Jorge: I think that’s right. If we look at a couple of the industries that have been responsive and receptive, and the auto industry, I think it’s a big surprise, that they would have adapted to the fact that cars are becoming more software-centric. What about industries that have been almost entirely transformed? So take, for example, the music industry. I think if you live outside of Silicon Valley, if you sort of looked at the first wave of the internet, one of the first industries that was fundamentally transformed was the music industry. 

Marc: Yeah. 

Jorge: Do you think that other industries will likely suffer that fate that music has? 

Marc: Yeah, so it’s a funny thing. Music, I think, is something like a triple whammy. First of all, one of the interesting things about music was that people really love music. And I say that because generally, when we fund startups, the question always is, “Will the dogs eat the dog food” Are people actually going to want this thing? So what was the huge issue with music? It was piracy. All of a sudden, the music listeners went crazy and started breaking the law and started to listen to music online. The record labels all freaked out, and they were like, our customers have turned evil. Well, maybe. But, isn’t it great that they all love music so much?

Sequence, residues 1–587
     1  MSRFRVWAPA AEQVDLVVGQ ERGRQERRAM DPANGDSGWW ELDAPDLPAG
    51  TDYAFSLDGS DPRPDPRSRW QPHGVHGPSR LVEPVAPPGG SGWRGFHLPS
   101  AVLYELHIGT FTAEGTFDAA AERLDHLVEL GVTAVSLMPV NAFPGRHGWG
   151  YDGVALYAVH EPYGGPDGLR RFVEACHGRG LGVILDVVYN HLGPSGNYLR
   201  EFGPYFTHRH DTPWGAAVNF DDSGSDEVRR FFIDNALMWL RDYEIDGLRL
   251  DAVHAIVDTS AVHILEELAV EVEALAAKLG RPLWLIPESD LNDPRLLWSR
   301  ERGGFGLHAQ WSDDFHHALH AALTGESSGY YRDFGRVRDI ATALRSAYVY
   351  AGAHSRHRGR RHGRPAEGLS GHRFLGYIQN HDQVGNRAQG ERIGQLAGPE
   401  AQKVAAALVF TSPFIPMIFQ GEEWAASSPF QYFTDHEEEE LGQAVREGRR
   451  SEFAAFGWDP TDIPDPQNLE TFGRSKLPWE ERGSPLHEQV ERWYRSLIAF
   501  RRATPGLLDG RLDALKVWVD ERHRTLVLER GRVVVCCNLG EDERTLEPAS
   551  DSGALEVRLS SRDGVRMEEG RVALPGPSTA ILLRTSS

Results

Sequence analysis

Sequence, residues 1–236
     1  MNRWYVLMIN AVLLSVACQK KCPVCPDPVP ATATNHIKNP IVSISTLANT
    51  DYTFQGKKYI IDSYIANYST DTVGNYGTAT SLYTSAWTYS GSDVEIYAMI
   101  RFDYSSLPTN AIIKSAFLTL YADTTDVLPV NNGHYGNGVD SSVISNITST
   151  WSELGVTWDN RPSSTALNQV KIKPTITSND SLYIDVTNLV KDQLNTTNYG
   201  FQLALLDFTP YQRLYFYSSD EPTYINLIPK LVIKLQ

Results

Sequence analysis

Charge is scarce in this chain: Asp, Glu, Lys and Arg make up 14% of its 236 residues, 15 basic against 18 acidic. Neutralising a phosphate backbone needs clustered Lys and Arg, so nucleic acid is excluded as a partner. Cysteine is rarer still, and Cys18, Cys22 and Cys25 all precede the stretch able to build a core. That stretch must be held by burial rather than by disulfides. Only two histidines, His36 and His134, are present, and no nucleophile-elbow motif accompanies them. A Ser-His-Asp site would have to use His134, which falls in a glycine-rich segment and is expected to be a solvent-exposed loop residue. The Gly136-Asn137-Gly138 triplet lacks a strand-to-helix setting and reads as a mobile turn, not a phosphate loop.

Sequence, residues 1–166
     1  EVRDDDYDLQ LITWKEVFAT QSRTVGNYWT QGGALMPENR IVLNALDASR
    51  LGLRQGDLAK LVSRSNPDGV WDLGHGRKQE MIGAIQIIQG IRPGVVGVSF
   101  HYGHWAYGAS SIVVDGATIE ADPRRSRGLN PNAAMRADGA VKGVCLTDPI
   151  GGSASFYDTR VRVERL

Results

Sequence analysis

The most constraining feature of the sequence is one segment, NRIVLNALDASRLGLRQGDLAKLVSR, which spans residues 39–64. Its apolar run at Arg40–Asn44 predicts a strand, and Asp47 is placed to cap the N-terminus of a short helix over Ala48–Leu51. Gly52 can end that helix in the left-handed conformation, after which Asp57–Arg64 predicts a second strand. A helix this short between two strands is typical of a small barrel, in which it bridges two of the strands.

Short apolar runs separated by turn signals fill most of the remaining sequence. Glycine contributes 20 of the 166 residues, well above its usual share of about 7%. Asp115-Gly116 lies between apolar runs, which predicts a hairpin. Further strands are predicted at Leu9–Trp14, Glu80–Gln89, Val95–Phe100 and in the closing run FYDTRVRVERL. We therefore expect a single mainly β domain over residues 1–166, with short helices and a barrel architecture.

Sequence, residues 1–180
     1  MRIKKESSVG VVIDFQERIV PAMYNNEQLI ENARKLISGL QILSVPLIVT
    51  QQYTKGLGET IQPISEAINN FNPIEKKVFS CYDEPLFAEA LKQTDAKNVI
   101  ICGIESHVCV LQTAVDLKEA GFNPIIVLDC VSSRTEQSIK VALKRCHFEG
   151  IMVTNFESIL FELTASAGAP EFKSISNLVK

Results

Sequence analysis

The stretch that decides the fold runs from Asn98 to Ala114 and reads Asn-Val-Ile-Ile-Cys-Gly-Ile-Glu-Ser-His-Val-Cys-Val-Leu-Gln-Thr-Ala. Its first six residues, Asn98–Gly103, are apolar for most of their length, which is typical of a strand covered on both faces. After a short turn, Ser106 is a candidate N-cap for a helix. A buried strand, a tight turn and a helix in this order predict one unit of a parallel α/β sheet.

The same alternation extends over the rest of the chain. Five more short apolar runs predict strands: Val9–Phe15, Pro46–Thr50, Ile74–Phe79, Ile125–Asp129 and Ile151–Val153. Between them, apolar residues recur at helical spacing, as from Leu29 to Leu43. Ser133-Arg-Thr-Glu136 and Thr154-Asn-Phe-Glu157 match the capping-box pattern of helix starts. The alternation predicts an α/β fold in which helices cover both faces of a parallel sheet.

And for some reason, the music executives who I knew never thought that was a very good point. But I thought it was. I was like, look, they want the thing. Normally in business, when the customers are lined up out the door and they’re like, “I want to consume music digitally,” you would normally want to say, “Okay, I want to find a way to service them.” The music label heads went, “No, you shouldn’t be able to get music digitally.”